That Evelyn lays out harmonies, rhythms and patterns through which she interacts with herself involves some masterful musical trickery; that it’s all for the sake of creating something pretty is brave as all hell. I mean, way to isolate your audience – you’re pissing off your existing fans, and challenging your pop ones far too much to still inhabit their comfort zone. To make something that appeals to even a portion of each of those groups is a feat to be admired.
That Evelyn lays out harmonies, rhythms and patterns through which she interacts with herself involves some masterful musical trickery; that it’s all for the sake of creating something pretty is brave as all hell.
Following what was a successful show at the Newtown Theatre, at the end of the mini-tour supporting The Blow, Evelyn seems lucidly aware of this reality. ?It’s just in the process really,? she drops in nonchalantly. ?When it first started it was just something I was doing for myself, just trying it out, and I played it to a few people, and I decided to do a show and that went really well, and you were really encouraging, as well as everyone at that show.? (I’m glad to note my fan-girl enthusiasm was acknowledged, and to cite that, yeah, we the spectators, do matter).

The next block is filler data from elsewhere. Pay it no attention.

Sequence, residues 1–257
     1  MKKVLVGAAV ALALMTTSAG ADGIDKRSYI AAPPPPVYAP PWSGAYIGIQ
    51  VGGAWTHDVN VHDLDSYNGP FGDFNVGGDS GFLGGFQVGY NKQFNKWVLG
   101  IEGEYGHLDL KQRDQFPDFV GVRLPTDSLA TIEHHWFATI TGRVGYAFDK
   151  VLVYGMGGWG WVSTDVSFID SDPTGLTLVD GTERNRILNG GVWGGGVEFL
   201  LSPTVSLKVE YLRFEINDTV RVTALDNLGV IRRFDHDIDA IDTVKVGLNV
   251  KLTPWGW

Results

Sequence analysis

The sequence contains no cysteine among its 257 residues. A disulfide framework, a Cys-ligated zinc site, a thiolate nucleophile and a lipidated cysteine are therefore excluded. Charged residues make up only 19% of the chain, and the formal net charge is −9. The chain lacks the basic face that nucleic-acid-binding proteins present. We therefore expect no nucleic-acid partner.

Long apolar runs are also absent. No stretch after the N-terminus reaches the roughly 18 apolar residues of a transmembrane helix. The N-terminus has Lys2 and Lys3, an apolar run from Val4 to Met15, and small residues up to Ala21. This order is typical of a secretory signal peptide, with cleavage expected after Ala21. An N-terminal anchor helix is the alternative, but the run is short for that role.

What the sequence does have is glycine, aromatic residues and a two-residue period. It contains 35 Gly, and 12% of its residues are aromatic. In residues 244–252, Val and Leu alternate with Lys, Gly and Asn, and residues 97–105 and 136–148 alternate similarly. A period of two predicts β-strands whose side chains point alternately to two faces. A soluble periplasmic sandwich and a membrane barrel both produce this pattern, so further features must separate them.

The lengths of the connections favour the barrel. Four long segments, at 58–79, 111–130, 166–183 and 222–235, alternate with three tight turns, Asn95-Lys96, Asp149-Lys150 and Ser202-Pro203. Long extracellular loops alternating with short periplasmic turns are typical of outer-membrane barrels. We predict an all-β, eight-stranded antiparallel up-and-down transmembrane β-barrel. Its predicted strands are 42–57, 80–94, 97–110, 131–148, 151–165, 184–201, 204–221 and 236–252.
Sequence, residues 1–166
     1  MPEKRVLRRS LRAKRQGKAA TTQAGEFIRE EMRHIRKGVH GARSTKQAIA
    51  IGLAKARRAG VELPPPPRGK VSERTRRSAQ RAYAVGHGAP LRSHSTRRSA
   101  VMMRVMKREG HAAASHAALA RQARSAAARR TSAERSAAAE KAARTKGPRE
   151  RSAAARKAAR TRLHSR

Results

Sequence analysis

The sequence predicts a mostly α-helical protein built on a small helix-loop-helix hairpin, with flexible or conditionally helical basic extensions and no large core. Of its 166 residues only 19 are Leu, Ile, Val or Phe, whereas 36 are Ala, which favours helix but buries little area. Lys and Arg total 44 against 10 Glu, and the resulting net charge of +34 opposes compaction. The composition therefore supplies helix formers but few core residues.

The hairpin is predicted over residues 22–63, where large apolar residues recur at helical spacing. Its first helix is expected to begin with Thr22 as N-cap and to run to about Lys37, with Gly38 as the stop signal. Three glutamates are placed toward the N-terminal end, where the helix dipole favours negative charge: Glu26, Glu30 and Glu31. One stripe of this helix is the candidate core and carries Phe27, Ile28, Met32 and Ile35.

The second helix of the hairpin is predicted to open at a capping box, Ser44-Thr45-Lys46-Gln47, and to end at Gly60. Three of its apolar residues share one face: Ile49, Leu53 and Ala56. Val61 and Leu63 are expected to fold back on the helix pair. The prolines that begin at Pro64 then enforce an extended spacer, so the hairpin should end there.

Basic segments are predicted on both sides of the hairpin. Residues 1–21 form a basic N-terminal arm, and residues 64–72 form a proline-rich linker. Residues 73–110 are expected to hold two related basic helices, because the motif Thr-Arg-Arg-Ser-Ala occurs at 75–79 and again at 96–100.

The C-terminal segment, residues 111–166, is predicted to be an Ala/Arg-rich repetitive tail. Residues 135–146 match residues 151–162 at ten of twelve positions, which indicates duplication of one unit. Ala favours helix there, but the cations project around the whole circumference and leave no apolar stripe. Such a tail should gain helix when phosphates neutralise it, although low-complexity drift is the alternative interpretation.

?So I decided to do another one, and it just snowballed from there and I guess it’s like I’ve kind of put something out there and people’s responses have given me a lot of trust in the fact that there are always going to be people that will embrace whatever you’re doing regardless of whether it’s technically ?good?. The downside of that coin is that there are always going to be people that don’t like it as well, and over the last year that I’ve been doing Pikelet I’ve just kind of really just stared that idea in the face – there’s no actual fixed ?good? or ?bad?, there’s just people’s opinions and it doesn’t matter either way. It sounds like a really simple concept, but to actually take it on board??